TAMPA — A Texas woman is suing Raymond James Financial in federal court, claiming the St. Petersburg-based company persuaded her to put her money into a fee-based account that cost her more than she would have paid in a commission-based account.
Kimberly Nguyen of Garland, Texas, near Dallas, accuses Raymond James of “reverse churning.” That’s a practice of steering the money of clients who make relatively few trades out of commission-based accounts where a broker-dealer’s revenue is driven by the number of trades made and into fee-based accounts that pay the company a fixed percentage of the annual account balance no matter how many trades take place.
Nguyen’s attorneys also contend Raymond James "failed to have adequate processes and procedures in place to analyze accounts for suitability.”
As evidence they point to a $15 million settlement last September between Raymond James and the U.S. Securities and Exchange Commission. In that matter, federal regulators found, in part, that Raymond James did not consistently review accounts that had no trades for at least a year and thus improperly charged advisory fees on inactive accounts.
Nguyen’s lawsuit seeks damages and class-action status for Raymond James clients with similar fee-based accounts. A cover sheet filed with the case lists a demand amount of $50 million.
In a statement Friday, a Raymond James spokesman said Nguyen’s suit was without merit.
“Raymond James denies these allegations as untrue and is defending itself vigorously," Raymond James vice president for public communications Steve Hollister said in an email to the Tampa Bay Times.
“Specifically, we find the charge of ‘reverse-churning’ to be baseless and the reference to a separate, industry-related matter settled with the SEC as a transparent attempt to link two unrelated situations to gain a higher profile for this individual’s complaint,” Hollister said. "Raymond James has a strong commitment to placing clients’ interests first and will continue to focus on preserving that trust.”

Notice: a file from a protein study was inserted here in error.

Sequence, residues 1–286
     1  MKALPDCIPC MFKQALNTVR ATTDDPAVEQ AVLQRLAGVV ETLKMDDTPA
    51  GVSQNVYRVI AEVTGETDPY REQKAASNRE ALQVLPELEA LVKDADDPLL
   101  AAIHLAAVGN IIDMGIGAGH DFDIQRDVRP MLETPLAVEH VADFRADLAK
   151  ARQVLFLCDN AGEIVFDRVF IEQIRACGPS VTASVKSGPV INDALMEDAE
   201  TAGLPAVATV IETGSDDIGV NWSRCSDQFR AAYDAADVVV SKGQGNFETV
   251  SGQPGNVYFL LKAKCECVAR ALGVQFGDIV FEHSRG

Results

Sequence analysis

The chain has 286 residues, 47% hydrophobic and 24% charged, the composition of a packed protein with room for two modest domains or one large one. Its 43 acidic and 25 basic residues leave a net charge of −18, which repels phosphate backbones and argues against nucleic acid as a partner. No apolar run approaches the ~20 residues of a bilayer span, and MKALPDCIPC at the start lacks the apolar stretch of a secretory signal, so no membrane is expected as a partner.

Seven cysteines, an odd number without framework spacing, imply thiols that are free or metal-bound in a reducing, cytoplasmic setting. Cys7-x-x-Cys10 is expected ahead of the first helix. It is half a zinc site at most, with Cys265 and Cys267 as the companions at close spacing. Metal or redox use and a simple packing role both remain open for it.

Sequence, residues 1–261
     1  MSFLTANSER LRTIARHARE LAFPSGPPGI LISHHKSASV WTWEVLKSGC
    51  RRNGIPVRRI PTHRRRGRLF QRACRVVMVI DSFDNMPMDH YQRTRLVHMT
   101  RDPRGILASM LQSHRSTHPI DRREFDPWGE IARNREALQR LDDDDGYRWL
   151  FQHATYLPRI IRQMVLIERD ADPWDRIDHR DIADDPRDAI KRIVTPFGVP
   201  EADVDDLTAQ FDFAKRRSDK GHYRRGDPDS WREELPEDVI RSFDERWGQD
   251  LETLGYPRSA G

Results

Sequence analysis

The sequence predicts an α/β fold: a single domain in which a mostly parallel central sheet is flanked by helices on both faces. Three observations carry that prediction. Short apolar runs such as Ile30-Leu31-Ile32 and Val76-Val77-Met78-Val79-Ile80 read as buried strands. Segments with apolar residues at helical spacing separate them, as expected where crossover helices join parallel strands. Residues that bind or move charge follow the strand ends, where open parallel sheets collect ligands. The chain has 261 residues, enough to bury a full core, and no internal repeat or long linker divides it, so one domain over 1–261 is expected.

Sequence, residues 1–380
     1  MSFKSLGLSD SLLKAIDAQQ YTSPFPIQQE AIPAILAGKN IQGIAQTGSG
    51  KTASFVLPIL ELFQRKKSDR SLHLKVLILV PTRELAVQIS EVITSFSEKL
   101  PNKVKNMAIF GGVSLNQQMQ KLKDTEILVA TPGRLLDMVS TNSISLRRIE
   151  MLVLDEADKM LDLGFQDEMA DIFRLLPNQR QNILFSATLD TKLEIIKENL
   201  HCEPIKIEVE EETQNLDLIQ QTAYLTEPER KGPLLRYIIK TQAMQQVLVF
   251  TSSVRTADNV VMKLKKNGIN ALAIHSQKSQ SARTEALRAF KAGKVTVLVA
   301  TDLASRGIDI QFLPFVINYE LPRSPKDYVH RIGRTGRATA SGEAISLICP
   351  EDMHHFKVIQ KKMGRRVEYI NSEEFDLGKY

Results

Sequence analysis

The lawsuit, filed in U.S. District Court in Tampa late last month, describes Nguyen as a “buy and hold” investor who transferred an undisclosed amount into a Raymond James fee-based Freedom Account in early 2016 on the advice of her Raymond James financial adviser.
From 2016 to 2018, Nguyen paid more than $7,400 in fees on the account, which the suit contends was substantially more than she would have paid if her money had stayed in a commission-based account, but she received nothing of benefit from Raymond James.
Her attorneys wrote they believe there are potentially thousands or even tens of thousands of clients with similar accounts who could be members of the class.